4. Truth and Method (1960) by Hans-Georg Gadamer
Truth and Method is a landmark work of 20th century thought which established Hans Georg-Gadamer as one of the most important philosophical voices of the 20th Century. In this book, Gadamer established the field of ‘philosophical hermeneutics’: exploring the nature of knowledge, the book rejected traditional quasi-scientific approaches to establishing cultural meaning that were prevalent after the war. In arguing the ‘truth’ and ‘method’ acted in opposition to each other, Gadamer examined the ways in which historical and cultural circumstance fundamentally influenced human understanding. It was an approach that would become hugely influential in the humanities and social sciences and remains so to this day in the work of Jurgen Habermas and many others.
5. The Order of Things (1966) by Michel Foucault
When one defines “order” as a sorting of priorities, it becomes beautifully clear as to what Foucault is doing here. With virtuoso showmanship, he weaves an intensely complex history of thought. He dips into literature, art, economics and even biology in The Order of Things, possibly one of the most significant, yet most overlooked, works of the twentieth century. Eclipsed by his later work on power and discourse, nonetheless it was The Order of Things that established Foucault’s reputation as an intellectual giant. Pirouetting around the outer edge of language, Foucault unsettles the surface of literary writing. In describing the limitations of our usual taxonomies, he opens the door onto a whole new system of thought, one ripe with what he calls “exotic charm”. Intellectual pyrotechnics from the master of critical thinking, this book is crucial reading for those who wish to gain insight into that odd beast called Postmodernism, and a must for any fan of Foucault.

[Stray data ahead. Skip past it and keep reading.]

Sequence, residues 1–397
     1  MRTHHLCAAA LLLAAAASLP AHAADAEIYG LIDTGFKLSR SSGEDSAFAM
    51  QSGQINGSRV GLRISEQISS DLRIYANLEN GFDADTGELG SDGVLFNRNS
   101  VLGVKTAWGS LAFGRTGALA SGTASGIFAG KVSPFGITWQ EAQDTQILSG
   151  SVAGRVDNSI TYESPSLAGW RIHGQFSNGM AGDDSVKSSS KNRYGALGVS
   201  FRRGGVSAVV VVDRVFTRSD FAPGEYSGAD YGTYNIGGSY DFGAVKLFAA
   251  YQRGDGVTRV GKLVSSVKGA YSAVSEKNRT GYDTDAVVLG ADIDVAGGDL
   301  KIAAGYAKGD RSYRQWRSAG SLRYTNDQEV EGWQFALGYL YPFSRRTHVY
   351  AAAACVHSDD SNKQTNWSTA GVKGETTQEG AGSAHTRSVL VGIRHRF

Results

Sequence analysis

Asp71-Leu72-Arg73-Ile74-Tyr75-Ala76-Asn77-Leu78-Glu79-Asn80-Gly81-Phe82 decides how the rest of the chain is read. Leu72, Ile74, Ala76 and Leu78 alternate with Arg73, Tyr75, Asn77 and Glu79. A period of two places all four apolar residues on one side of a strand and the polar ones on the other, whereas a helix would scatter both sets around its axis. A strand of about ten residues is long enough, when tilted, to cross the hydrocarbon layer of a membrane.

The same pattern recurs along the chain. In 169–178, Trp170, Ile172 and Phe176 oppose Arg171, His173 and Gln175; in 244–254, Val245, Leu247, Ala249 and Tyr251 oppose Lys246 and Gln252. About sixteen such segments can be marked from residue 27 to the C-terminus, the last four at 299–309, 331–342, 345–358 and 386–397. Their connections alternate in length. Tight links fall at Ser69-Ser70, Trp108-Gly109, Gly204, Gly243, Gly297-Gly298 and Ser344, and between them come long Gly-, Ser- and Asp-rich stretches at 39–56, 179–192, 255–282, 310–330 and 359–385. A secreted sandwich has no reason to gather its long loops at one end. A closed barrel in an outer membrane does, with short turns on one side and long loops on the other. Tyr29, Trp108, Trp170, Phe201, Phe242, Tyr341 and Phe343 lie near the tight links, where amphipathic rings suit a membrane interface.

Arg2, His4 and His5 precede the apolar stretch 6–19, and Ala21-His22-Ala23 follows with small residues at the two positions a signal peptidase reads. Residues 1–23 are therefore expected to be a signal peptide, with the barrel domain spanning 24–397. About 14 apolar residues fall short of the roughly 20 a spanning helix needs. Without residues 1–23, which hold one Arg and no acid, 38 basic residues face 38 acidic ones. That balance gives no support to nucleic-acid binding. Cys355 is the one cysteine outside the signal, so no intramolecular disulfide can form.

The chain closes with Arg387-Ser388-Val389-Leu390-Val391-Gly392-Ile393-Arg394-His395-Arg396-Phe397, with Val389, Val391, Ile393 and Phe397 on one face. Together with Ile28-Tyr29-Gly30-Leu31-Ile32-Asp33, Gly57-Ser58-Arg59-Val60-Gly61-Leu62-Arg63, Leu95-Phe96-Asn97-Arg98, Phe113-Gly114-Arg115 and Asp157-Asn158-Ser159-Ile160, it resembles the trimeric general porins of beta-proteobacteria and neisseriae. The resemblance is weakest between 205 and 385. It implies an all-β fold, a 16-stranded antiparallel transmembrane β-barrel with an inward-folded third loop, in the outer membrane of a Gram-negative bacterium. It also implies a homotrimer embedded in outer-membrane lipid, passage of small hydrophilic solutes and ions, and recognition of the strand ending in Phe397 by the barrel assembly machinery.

6. The Legitimacy of the Modern Age (1966) by Hans Blumenberg
In this book, Hans Blumenberg disputes the view that the modern idea of progress represents a secularization of religious belief in some divine intervention (the coming of the Messiah, the end of the world) which consummates human history from outside. Drawing from sources ranging from Aristotle and Augustine to Nietzsche, Marx, Freud, and Kuhn – with an impressive number of stops between – he argues that progress always implies a process at work within history, a process that ultimately expresses human choices, human self-assertion, and man’s responsibility for his own fate.